# Converse of Area of Square on Greater Segment of Straight Line cut in Extreme and Mean Ratio

## Theorem

In the words of Euclid:

If the square on a straight line be five times the square on a segment of it, then, when the double of the said segment is cut in extreme and mean ratio, the greater segment is the remaining part of the original straight line.

### Lemma

In the words of Euclid:

That the double of $AC$ is greater than $BC$ is to be proved thus.

## Proof

Let the square on $AB$ be five times the square on $AC$.

Let $CD = 2 \cdot AC$.

It is to be demonstrated that when $CD$ is cut in extreme and mean ratio, the greater segment is $CB$.

Let the squares $AF$ and $CG$ be described on $AB$ and $CF$ respectively.

Let the figure $AF$ be drawn.

Let $BE$ be produced from $FB$.

We have that:

$BA^2 = 5 \cdot AC^2$

That is:

$AF = 5 \cdot AH$

Therefore the gnomon $MNO$ is $4$ times $AH$.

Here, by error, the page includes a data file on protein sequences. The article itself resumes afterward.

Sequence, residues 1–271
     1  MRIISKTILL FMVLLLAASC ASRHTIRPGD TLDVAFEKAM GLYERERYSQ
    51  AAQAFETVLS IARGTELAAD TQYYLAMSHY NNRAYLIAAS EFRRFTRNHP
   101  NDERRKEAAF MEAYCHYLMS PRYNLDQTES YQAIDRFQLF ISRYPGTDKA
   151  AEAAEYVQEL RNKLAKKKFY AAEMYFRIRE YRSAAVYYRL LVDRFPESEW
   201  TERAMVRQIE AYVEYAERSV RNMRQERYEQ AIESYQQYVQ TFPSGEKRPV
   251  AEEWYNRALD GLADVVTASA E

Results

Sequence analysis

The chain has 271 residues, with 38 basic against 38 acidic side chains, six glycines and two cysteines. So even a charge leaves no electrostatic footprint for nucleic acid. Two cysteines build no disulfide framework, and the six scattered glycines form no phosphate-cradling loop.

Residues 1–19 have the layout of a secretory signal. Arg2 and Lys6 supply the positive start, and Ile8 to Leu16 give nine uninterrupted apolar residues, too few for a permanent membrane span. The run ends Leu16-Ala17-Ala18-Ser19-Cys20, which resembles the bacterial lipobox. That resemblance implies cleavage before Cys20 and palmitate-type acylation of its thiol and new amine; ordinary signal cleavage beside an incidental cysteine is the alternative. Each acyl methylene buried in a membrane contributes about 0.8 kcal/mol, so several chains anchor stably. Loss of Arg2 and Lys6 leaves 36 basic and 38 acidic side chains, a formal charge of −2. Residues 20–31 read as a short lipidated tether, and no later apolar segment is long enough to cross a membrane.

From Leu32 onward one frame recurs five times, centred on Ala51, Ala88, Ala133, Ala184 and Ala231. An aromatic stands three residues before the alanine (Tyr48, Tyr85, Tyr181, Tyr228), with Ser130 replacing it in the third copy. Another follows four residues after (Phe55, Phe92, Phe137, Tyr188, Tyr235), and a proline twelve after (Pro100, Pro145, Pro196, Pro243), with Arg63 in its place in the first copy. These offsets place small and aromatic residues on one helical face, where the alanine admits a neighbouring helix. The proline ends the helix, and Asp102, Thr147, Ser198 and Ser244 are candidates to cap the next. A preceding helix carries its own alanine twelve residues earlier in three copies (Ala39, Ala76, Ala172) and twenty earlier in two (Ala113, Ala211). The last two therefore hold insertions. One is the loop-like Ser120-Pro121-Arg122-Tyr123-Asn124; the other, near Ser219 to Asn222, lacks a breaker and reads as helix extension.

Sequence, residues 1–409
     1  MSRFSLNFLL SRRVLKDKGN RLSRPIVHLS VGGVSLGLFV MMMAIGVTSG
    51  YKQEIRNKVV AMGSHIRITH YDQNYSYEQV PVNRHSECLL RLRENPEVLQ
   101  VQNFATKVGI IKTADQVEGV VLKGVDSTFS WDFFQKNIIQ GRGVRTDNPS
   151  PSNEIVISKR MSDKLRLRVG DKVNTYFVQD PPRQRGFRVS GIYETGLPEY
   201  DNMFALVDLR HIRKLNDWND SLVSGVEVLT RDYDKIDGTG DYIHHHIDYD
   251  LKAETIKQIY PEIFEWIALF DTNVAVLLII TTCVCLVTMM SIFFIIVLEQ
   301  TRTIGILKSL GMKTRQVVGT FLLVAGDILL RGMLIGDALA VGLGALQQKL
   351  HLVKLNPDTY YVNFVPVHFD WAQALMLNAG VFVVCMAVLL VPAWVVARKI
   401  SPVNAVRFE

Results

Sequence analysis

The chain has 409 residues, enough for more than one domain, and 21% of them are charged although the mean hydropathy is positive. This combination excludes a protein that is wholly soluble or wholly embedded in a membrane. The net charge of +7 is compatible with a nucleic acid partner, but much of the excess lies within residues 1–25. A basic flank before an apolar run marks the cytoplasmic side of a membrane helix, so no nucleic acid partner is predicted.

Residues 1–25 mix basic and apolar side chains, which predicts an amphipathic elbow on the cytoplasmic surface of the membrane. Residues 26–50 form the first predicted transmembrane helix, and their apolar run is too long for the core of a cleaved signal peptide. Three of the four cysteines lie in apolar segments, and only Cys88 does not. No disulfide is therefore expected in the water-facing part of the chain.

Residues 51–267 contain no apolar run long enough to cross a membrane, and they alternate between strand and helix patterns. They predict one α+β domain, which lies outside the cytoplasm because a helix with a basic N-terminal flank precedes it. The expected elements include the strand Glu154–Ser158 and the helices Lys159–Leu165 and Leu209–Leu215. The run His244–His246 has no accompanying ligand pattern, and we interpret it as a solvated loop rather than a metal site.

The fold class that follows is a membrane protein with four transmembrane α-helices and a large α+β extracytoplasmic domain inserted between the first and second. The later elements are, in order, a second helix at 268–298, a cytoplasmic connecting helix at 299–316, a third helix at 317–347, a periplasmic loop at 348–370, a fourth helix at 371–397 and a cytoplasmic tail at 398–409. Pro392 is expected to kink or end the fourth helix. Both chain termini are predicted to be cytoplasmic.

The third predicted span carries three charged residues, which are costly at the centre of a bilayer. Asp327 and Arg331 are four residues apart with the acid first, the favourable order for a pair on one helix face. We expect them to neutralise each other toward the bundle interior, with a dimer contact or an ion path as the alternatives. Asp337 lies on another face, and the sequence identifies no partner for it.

We have that:

$DC = 2 \cdot CA$

Therefore:

$DC^2 = 4 \cdot CA^2$

that is:

$CG = 4 \cdot AH$

But:

$MNO = 4 \cdot AH$

Therefore:

$MNO = CG$

We have that:

$DC = CK$

and:

$AC = CH$
$KB = 2 \cdot BH$

But we also have:

$LH + HB = 2 \cdot BH$

Therefore:

$KB = LH + HB$

But:

$MNO = CG$

Therefore:

$HF = BG$

and as $CD = DG$:

$BG = CD \cdot DB$

Also:

$HF = CB^2$

Therefore:

$CD \cdot DB = CB^2$

Therefore:

$DC : CB = CB : BD$

But:

$DC > CB$

therefore:

$CB > BD$

Therefore, when $CD$ is cut in extreme and mean ratio, the greater segment is $CB$.

$\blacksquare$